Billion Dollar Decisions: The Benefits Of Risk-Based Capital Plans

on March 31, 2016 at 10:00 AM

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Aging infrastructure is one of the top concerns among electric utility leaders across the United States. Utility leaders need to address this issue proactively before failures create serious reliability issues, accelerate costs and strain the labor force beyond its capacity. Addressing this myriad of aging assets requires manpower and extensive capital investment – investment that often require rate increases to fund.

Even without rate increases, utility leaders must get the most benefit from their resources as possible. Capital investments that are prioritized to address assets with the greatest likelihood and impact of failure can help utility leaders better manage risk and improve reliability. Risk-based and prioritized plans also provide a powerful business case to regulators to justify investments and rate recovery.

Assessing and Calculating Risk

Not all electric infrastructure assets or components have the same level of criticality to the system if they fail. This can be compared to how many people maintain their vehicles. If the radio in a car fails, it is an inconvenience, but it does not impact the ability of the vehicle to provide safe and reliable transportation. However, if the tires are at risk of failing, the chances of a dangerous incident increase.

Determining the criticality of infrastructure assets is an important component of prioritizing capital plans. Assessing criticality requires developing criteria and weighting them to determine an asset’s importance. Such criteria commonly include:

•  Customers/load lost
•  Planning violations
•  Operational impacts
•  Safety
•  Environmental impacts
•  Regulatory compliance

Utilities must also understand the likelihood of failure of their infrastructure assets. Determining the likelihood of failure is a challenging task. In the aforementioned car analogy, most people will not let their tires run to failure because of the potential consequences. Rather, all tires come with a general life expectancy in terms of age and miles driven. As tires age and wear, we begin to monitor them until we are no longer comfortable with the risk of failure.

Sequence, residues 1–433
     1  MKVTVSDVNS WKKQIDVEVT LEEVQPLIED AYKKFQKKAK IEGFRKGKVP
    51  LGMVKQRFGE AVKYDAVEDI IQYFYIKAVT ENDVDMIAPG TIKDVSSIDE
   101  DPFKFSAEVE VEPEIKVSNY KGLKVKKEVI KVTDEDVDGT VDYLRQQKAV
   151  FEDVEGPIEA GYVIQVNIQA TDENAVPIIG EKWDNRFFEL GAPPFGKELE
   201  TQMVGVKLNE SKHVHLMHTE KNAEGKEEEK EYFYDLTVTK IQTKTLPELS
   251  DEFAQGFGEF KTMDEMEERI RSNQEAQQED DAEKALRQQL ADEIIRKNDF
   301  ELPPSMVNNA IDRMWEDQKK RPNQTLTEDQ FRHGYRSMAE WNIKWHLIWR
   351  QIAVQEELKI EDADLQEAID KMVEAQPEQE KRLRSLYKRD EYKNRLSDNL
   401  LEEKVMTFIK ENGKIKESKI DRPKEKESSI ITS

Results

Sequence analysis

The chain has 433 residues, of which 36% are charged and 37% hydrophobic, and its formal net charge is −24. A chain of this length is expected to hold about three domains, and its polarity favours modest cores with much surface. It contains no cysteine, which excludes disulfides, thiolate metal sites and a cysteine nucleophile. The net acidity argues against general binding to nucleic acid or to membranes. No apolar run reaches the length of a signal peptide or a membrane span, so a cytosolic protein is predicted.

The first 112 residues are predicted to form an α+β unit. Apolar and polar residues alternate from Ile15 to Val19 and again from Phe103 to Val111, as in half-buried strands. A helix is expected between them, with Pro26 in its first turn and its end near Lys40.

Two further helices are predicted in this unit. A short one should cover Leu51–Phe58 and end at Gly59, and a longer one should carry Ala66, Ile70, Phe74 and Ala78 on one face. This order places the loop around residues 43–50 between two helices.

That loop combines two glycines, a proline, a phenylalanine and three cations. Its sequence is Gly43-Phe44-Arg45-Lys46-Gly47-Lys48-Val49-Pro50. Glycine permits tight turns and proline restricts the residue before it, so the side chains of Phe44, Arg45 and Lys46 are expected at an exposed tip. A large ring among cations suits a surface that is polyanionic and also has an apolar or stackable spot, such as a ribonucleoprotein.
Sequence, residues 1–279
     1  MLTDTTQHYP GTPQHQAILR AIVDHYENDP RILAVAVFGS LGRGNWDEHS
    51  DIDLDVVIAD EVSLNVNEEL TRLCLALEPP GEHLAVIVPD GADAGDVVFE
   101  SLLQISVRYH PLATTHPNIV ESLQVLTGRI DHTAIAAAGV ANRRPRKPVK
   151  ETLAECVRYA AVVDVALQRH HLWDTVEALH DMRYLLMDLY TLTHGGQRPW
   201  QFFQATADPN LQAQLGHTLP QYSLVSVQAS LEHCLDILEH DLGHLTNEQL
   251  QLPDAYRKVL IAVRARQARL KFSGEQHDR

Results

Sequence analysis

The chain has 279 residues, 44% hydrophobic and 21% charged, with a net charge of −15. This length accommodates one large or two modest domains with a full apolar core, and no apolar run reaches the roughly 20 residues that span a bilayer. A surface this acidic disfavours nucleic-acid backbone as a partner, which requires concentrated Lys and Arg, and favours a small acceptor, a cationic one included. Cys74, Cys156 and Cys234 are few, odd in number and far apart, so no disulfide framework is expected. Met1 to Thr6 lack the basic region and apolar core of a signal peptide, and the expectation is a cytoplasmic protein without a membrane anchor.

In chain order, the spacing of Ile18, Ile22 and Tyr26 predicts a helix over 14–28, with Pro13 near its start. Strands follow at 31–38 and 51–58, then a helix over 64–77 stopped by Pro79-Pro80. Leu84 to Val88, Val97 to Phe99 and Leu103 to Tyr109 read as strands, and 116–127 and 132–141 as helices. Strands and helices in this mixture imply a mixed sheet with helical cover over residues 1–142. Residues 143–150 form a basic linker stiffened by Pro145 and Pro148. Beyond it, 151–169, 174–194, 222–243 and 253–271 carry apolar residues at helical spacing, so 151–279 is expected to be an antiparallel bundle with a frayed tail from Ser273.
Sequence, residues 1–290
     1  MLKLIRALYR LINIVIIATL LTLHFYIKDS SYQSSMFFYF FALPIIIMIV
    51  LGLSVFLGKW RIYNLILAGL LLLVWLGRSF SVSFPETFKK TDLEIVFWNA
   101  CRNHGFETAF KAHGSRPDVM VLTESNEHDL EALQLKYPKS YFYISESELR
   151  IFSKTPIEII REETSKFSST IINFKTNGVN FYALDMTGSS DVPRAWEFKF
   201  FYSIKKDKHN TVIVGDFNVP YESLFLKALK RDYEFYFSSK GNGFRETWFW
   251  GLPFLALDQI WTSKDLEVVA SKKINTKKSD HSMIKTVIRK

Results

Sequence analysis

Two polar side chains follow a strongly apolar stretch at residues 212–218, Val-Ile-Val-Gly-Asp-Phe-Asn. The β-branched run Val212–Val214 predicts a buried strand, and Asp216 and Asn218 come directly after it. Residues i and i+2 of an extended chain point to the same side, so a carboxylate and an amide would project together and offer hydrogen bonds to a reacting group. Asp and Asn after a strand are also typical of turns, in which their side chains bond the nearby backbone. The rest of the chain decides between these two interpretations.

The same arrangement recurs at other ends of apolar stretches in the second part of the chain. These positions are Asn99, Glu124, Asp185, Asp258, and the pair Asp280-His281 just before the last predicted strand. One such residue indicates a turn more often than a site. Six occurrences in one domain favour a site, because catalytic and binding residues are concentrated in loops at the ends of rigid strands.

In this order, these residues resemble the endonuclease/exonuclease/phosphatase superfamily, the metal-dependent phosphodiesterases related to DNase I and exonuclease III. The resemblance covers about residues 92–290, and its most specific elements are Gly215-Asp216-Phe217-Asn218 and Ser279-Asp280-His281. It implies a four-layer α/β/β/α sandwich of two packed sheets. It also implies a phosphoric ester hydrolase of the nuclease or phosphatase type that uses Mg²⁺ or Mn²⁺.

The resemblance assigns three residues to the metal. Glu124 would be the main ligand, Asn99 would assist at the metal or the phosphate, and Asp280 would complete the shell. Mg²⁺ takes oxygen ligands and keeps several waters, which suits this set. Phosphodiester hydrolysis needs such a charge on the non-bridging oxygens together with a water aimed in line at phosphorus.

While we cannot predict exactly when our tires could fail, there are methods to estimate failure within a reasonably acceptable period of time. For infrastructure assets, deterioration curves for an asset class provide a good method of prediction. Curves can be developed from actual failure history, such as in the development of “Weibull curves,” and they can also be developed from “Iowa curves” found in depreciation studies.

Calculating asset risk involves quantification of both its consequence and likelihood of failure. The product of the two scores provides a quantified risk score that can be tied to a particular asset. This enables ranking of infrastructure investments based on asset risk. The consequence and likelihood of failure can be mapped into a 5×5 matrix to visualize an asset’s risk position relative to other assets on the system (Figure 1).

Asset Risk Score

Prioritizing Assets with Benefits-to-Cost Ratios

There are several methods to prioritize assets after risk scores have been calculated. For one large, Midwestern electric utility, Black & Veatch developed a benefit-to-cost ratio for each asset. In this case, the benefit of an asset is the difference in the asset’s risk score if it were not proactively replaced and the risk score if it were to be proactively replaced. This allows quantification of the benefit of replacement in terms of risk score reduction.

The example provided in Figure 1 shows the current risk score of an asset is 32.7. If the asset were to be replaced, its likelihood of failure would be reduced to 2 percent, reducing its risk score to 0.76. Therefore, the benefit of replacement is a risk score reduction of 31.94. For the Midwest electric utility client, the benefit was then divided by the cost to give a benefit-cost ratio. Once all the assets had a benefit-cost ratio, capital spending was allocated to those assets that had the highest benefit-to-cost ratio.

Demonstrating benefit and need to regulators is critically important in gaining approval for necessary capital programs to proactively address the effects of aging infrastructure. Furthermore, such plans illustrate a utility’s diligence in maintaining safe and reliable electric service, and that utilities are making wise and efficient use of customer rates. By prioritizing capital improvements to those assets that pose the greatest consequence and likelihood of failure, utility leaders can improve capital efficiency, reduce risk and enhance reliability of their aging systems.

Published originally on Black & Veatch Solutions.